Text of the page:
The 1890 census as a basis for the immigration quota is rejected and the 1910 census retained in the present draft of the immigration bill to be submitted on Thursday to the Senate Immigration Committee by the Senate Sub-Committee. At the same time, however, the quota percentage is reduced to two percent and the provision exempting close relatives omitted. The rejection of the latter, highly important point came as a surprise because it was believed in well-informed quarters that as a result of the recent appeals at the Senate Immigration hearings, the Sub-Committee, headed by Senator Reed of Pennsylvani, would, at least, liberalize the immigration measure to the extent of adopting a provision for the exemption of close relatives. The hope of obtaining this concession now seems very unlikely of realization, as it is generally understood that the full Committee will adopt the Sub-Committee’s report, and forthwith report the Committee bill to the Senate only. The passage of an amendment from the floor when the bill comes up for vote in the Senate, apparently, cannot make inclusion of relative exemption possible, as far as the Senate is concerned.
One important change in the bill, as now worked out by the Sub-Committee is an ingenious scheme to effect physical examination on the other side, and yet avoid the diplomatic objections that have been raised against the invasion of foreign sovereignty. The bill, in its present draft, accomplishes this by imposing upon steamship companies a fine of one thousand dollars plus the passage money for every immigrant brought to the United States afflicted with certain physical ailments, among which are included insanity, idiocy, tuberculosis, or loathsome or dangerous diseases, if it shall appear to the satisfaction of the Secretary of Labor that the immigrant was afflicted with any such disease or disability at the time of foreign embarkation, and that the existence of the same might have been detected by means of a competent medical examination. This will have the effect of forcing the steamship companies to make examinations abroad, and, thereby, assume the task which the American Government would have difficulty in accomplishing because of diplomatic objections. Of the many effects of this provision, one will certainly be an increase in steamship fares for immigrants because of the expense of the work.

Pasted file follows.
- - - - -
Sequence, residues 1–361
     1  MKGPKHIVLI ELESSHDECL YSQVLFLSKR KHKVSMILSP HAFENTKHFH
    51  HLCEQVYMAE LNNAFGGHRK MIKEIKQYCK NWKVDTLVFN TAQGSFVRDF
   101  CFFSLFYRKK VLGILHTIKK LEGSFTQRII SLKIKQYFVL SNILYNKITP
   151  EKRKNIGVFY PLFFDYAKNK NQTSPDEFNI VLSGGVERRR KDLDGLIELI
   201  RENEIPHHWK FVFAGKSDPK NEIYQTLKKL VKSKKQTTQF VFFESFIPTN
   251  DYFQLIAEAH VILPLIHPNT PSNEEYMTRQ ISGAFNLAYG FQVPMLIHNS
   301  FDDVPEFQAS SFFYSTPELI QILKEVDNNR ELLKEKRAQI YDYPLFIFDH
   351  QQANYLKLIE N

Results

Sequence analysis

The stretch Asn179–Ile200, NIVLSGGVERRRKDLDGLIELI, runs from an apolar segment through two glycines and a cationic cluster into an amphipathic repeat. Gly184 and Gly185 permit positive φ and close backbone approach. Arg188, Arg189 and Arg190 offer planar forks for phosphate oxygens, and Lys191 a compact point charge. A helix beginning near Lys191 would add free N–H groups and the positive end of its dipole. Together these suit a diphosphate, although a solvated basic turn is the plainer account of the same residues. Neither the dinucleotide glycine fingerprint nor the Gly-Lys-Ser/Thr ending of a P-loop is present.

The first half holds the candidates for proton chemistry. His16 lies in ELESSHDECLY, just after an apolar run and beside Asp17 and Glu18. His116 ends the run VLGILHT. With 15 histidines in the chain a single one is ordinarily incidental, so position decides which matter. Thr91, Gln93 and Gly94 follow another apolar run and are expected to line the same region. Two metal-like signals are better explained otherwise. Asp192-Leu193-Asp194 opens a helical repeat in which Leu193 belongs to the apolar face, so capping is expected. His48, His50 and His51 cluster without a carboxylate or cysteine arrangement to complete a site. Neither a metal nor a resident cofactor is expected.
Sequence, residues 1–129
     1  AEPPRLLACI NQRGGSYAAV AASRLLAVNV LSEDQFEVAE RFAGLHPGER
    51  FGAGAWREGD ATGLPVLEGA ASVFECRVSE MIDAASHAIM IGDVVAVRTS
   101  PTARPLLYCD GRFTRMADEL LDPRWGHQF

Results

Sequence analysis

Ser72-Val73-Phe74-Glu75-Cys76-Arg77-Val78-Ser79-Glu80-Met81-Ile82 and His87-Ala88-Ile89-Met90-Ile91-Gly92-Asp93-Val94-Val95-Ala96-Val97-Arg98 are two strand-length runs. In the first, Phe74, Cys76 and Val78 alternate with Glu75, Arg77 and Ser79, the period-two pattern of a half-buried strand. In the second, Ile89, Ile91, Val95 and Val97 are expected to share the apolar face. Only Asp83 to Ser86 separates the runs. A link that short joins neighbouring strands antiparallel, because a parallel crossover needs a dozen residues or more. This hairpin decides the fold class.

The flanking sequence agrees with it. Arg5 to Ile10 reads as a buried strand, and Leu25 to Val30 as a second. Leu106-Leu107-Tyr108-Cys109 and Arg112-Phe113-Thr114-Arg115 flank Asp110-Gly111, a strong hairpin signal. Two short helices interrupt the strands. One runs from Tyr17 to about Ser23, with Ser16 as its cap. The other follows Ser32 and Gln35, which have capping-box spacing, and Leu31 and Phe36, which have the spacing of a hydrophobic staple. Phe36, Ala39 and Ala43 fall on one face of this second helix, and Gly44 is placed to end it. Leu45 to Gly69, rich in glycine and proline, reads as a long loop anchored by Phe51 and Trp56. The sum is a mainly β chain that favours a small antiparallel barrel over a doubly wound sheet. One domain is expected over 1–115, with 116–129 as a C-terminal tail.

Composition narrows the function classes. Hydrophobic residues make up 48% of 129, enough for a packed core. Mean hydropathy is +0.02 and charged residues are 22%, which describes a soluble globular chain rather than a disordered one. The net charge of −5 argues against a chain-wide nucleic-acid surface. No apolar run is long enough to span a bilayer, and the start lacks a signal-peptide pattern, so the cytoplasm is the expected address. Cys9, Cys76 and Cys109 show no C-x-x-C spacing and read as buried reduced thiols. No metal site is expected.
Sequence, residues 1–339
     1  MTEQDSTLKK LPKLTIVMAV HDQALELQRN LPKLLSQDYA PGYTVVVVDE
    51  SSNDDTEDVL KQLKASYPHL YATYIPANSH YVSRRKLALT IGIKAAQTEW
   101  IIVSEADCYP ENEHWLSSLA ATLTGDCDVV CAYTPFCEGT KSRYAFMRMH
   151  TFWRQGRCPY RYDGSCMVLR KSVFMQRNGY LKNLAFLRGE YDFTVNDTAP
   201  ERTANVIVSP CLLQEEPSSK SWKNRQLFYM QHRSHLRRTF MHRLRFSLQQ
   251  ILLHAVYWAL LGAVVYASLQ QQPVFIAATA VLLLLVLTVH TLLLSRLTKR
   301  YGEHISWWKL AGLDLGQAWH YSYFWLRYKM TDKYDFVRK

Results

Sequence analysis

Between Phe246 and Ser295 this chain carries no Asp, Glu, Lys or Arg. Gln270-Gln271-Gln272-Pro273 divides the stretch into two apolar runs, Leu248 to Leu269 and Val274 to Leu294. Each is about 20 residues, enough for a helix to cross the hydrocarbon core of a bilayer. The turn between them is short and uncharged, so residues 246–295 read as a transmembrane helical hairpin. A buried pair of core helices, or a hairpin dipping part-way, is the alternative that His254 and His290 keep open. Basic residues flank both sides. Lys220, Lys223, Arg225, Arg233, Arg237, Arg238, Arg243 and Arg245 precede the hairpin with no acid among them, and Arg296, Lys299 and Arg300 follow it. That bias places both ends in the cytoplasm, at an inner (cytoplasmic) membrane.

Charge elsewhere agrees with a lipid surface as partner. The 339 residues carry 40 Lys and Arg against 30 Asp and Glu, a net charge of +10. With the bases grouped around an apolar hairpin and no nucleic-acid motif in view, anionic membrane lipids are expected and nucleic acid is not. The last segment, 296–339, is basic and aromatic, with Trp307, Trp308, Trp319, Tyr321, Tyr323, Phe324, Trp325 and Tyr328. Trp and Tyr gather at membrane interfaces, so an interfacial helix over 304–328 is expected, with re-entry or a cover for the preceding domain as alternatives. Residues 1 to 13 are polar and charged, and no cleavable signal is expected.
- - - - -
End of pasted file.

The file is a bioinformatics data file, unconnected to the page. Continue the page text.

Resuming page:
Another change in the bill is a minor one increasing the life of an immigration certificate from four to six months. If, however, at the end of this period, the immigrant has not started on his voyage, the certificate is invalid.
Another provision, relatively unimportant as far as numbers are concerned, provides against conflict with treaty obligations by exempting
all immigrants who are entitled to enter by treaty.
The bill drops from the exempted class, ministers of religion, which would include Rabbis. Under the present draft of the bill, they must come in under the quota. The minimum quota of any nationality has been reduced from two hundred to one hundred.
The Archive of the Jewish Telegraphic Agency includes articles published from 1923 to 2008. Archive stories reflect the journalistic standards and practices of the time they were published.